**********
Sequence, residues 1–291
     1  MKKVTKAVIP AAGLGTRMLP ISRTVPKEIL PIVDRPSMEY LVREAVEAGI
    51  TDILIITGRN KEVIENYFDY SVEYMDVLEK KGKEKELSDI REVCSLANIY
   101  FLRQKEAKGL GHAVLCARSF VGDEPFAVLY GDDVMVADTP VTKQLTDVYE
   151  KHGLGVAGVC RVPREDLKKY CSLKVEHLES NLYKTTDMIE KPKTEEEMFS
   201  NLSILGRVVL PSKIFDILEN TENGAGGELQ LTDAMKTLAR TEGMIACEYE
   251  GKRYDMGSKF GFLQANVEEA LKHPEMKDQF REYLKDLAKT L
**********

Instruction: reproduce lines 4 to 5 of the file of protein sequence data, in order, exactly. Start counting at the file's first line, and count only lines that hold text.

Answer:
   101  FLRQKEAKGL GHAVLCARSF VGDEPFAVLY GDDVMVADTP VTKQLTDVYE
   151  KHGLGVAGVC RVPREDLKKY CSLKVEHLES NLYKTTDMIE KPKTEEEMFS